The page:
Rorate Caeli


It will rise again, I tell you, [...] the Mass will rise again, as I tell so many who come to me to complain (and they do it, at times, crying); and to him who asks me how I can be so sure of it, I answer (as a "poet", if you would like) bringing him to my balcony and showing him the sun... It will be evening soon and there, in the church of San Domenico [in Fiesole], the friars will sing, at Vespers: Iam sol recedit igneus; but, in a few hours, those same Dominicans, my friends, will sing, at Prime: Iam lucis orto sidere - and thus every day.

The sun, I mean, will rise again, it will shine again after the night, to brighten up the earth from the sky, because...because it is the sun, and God thus established it for our life and comfort. Thus, I add, it is and thus it will be with the Mass - the Mass which is "ours", Catholic, of all times, and of all people: our spiritual Sun, so beautiful, so saintly, and so sanctifying - against the delusions of the bats, driven out [of their hiding places] by the Reform, [who believe] that their hour, the hour of darkness, will not end.

And I recall: on this large balcony of mine we were several in a past year, watching the total solar eclipse. I remember, and I almost seem to feel it again, the feeling of coldness, of sadness, and almost of disillusion in watching it, in feeling the air darken and freeze, little by little. I remember the silence in the city, while the swallows... while the birds disappeared, frightened, and the repugnant chiropters appeared, flying in the sky.

To him who said, when the sun was entirely covered: -"What if it were not visible anymore?" - a thought to which none answered, almost as if not realizing the joke in it... The sun is visible anew, in fact, the sun rises again, after a brief daytime night, as beautiful as before and, as it seems, more than before, while the air is filled again by swallows, and the bats go back into hiding.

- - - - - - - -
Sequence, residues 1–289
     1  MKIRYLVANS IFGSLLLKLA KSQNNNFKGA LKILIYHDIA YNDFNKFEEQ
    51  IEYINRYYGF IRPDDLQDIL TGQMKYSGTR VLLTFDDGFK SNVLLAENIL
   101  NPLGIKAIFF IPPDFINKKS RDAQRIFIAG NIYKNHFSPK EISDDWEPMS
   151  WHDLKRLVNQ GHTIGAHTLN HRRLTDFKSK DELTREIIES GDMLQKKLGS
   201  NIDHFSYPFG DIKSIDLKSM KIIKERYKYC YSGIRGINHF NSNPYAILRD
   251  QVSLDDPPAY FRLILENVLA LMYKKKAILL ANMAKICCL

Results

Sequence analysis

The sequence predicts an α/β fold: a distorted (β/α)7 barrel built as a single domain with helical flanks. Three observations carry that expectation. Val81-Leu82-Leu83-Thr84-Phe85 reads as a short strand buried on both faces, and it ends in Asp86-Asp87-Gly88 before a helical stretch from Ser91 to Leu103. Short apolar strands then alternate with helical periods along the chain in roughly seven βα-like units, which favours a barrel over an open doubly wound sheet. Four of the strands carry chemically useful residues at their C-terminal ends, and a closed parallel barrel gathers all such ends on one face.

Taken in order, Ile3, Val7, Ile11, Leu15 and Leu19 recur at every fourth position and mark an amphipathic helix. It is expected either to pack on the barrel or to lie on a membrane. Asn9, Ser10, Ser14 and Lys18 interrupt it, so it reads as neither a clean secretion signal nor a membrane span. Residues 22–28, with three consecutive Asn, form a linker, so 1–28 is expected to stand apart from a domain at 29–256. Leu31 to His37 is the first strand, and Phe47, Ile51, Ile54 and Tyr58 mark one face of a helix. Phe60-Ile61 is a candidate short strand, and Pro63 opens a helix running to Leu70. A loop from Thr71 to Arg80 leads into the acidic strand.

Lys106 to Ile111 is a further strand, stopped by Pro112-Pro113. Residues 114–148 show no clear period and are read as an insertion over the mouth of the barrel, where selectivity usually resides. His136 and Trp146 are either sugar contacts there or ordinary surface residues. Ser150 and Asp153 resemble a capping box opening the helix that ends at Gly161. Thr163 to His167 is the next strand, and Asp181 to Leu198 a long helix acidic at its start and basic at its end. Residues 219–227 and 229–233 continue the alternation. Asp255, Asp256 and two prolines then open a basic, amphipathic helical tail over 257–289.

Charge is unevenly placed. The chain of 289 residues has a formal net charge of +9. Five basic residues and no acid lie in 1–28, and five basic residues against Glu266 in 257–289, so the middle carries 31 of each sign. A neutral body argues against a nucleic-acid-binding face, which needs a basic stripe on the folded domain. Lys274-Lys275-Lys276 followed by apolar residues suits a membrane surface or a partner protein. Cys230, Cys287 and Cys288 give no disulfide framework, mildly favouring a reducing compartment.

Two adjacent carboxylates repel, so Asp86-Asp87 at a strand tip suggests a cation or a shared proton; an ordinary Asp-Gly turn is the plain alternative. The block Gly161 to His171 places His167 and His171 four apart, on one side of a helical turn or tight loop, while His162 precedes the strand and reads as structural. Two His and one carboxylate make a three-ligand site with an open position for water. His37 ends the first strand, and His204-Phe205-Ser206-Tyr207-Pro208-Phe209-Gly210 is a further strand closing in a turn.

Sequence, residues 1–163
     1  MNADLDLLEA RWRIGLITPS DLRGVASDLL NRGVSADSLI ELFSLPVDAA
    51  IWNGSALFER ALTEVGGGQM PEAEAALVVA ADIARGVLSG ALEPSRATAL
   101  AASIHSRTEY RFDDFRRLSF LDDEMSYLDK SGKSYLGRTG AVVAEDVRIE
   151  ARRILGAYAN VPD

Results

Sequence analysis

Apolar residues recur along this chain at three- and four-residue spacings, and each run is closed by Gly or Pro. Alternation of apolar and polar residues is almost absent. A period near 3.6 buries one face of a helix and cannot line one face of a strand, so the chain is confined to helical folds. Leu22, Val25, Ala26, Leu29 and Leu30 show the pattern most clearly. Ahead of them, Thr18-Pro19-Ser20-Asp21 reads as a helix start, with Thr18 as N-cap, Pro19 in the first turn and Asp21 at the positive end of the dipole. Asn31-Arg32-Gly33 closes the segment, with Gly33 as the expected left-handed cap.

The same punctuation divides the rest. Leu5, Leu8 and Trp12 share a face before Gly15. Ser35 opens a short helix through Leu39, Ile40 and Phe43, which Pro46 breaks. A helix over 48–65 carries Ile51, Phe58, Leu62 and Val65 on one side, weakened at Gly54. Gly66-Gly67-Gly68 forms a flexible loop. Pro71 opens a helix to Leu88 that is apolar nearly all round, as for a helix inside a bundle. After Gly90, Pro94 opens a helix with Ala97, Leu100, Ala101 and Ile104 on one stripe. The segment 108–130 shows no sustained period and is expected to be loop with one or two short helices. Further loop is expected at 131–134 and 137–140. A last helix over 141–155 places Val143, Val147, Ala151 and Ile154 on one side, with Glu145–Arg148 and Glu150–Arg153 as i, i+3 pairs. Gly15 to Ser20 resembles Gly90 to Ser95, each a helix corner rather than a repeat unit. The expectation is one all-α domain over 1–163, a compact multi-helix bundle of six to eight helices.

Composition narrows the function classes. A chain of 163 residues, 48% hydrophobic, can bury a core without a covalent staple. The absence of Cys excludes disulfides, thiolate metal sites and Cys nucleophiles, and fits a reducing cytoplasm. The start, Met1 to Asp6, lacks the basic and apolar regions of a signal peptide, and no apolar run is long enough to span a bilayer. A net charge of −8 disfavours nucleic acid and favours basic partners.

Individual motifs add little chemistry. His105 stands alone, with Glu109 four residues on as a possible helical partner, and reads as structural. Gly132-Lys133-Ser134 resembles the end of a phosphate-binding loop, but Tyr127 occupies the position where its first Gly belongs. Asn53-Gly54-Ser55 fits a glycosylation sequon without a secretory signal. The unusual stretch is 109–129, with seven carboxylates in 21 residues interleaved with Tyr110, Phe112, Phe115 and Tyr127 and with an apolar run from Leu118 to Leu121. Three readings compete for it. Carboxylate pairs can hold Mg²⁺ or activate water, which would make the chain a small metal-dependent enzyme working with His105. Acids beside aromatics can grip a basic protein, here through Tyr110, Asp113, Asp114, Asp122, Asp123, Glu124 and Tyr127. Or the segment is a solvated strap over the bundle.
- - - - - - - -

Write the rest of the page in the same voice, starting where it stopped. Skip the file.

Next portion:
As before, luminous and beautiful, and yet being the same, the sun seems greater than it was before, as in ... the Gospel [lesson] of the lost and found drachma.

As it was before, and greater than it was before: thus it will happen with the Mass, thus the Mass will seem to our eyes, guilty of not having esteemed it worthily before the eclipse; our hearts guilty for not having loved it enough.
Tito Casini
Nel fumo di Satana: verso l'ultimo scontro
Florence, 1976 (reposted)


Incredible as it may seem, seven years have passed since His Holiness Pope Benedict XVl bestowed the great gift of Sumorum Pontificum upon the Church and its people.
Its fruits have continued to multiply ever since. Although the motu prorio has its adversaries and even seems threatened in certain places, the number of Traditional Masses worldwide continues to grow. Our best defense of the Mass will be fought on the battlefield of logistics. The more the Mass becomes an ordinary occurrence in as many places as possible; the more difficult it becomes for its detractors to derail it. For that reason we make our annual appeal to our readers to check in at WikkiMissa to make sure the information about the Masses in your area is up to date. For those unfamiliar with it, WikkiMissa is a French-based, user-editable directory of Traditional Masses offered around the world. It operates in eight languages so please introduce it to friends in other countries who may not know of its existence. When verifying information be sure to check times, dates, and especially telephone numbers. Masses sometimes change schedules, and while the people in the immediate community are made aware of it, the visitor from Oslo will find it useful to confirm the information with a phone call before showing up an hour late for Mass. 

As always, many thanks to Emmanuel who owns and maintains WikkiMissa for providing this valuable resource which is arguably the only universal tool shared by the entire world of those who support the Traditional Mass.